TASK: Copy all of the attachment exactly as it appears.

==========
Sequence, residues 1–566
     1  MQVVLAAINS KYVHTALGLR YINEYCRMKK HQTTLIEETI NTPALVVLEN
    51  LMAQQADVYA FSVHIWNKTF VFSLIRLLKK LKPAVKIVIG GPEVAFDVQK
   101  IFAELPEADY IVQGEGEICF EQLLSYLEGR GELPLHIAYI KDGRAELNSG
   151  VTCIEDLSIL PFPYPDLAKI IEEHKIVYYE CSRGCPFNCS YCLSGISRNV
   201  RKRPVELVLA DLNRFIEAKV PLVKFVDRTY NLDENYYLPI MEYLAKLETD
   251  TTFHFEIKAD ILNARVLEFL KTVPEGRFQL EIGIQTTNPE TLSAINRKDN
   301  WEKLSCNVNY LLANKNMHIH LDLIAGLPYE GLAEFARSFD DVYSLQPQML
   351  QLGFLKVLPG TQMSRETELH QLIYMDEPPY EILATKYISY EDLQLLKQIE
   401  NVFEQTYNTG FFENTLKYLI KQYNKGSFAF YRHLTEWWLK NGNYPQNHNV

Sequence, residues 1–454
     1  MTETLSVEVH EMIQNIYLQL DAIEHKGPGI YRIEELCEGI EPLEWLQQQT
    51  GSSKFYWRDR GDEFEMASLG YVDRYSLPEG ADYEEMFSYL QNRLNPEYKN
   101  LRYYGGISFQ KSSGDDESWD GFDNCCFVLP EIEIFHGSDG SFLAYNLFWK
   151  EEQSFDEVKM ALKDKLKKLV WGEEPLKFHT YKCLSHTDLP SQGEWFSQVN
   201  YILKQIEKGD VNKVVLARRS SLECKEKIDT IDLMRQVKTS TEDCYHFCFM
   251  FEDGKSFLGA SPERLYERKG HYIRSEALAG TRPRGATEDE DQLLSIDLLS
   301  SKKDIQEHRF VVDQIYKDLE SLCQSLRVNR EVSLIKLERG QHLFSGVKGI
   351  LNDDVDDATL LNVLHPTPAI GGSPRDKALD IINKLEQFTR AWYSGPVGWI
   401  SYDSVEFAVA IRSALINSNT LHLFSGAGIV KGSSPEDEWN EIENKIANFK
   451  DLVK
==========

Sequence, residues 1–566
     1  MQVVLAAINS KYVHTALGLR YINEYCRMKK HQTTLIEETI NTPALVVLEN
    51  LMAQQADVYA FSVHIWNKTF VFSLIRLLKK LKPAVKIVIG GPEVAFDVQK
   101  IFAELPEADY IVQGEGEICF EQLLSYLEGR GELPLHIAYI KDGRAELNSG
   151  VTCIEDLSIL PFPYPDLAKI IEEHKIVYYE CSRGCPFNCS YCLSGISRNV
   201  RKRPVELVLA DLNRFIEAKV PLVKFVDRTY NLDENYYLPI MEYLAKLETD
   251  TTFHFEIKAD ILNARVLEFL KTVPEGRFQL EIGIQTTNPE TLSAINRKDN
   301  WEKLSCNVNY LLANKNMHIH LDLIAGLPYE GLAEFARSFD DVYSLQPQML
   351  QLGFLKVLPG TQMSRETELH QLIYMDEPPY EILATKYISY EDLQLLKQIE
   401  NVFEQTYNTG FFENTLKYLI KQYNKGSFAF YRHLTEWWLK NGNYPQNHNV

Sequence, residues 1–454
     1  MTETLSVEVH EMIQNIYLQL DAIEHKGPGI YRIEELCEGI EPLEWLQQQT
    51  GSSKFYWRDR GDEFEMASLG YVDRYSLPEG ADYEEMFSYL QNRLNPEYKN
   101  LRYYGGISFQ KSSGDDESWD GFDNCCFVLP EIEIFHGSDG SFLAYNLFWK
   151  EEQSFDEVKM ALKDKLKKLV WGEEPLKFHT YKCLSHTDLP SQGEWFSQVN
   201  YILKQIEKGD VNKVVLARRS SLECKEKIDT IDLMRQVKTS TEDCYHFCFM
   251  FEDGKSFLGA SPERLYERKG HYIRSEALAG TRPRGATEDE DQLLSIDLLS
   301  SKKDIQEHRF VVDQIYKDLE SLCQSLRVNR EVSLIKLERG QHLFSGVKGI
   351  LNDDVDDATL LNVLHPTPAI GGSPRDKALD IINKLEQFTR AWYSGPVGWI
   401  SYDSVEFAVA IRSALINSNT LHLFSGAGIV KGSSPEDEWN EIENKIANFK
   451  DLVK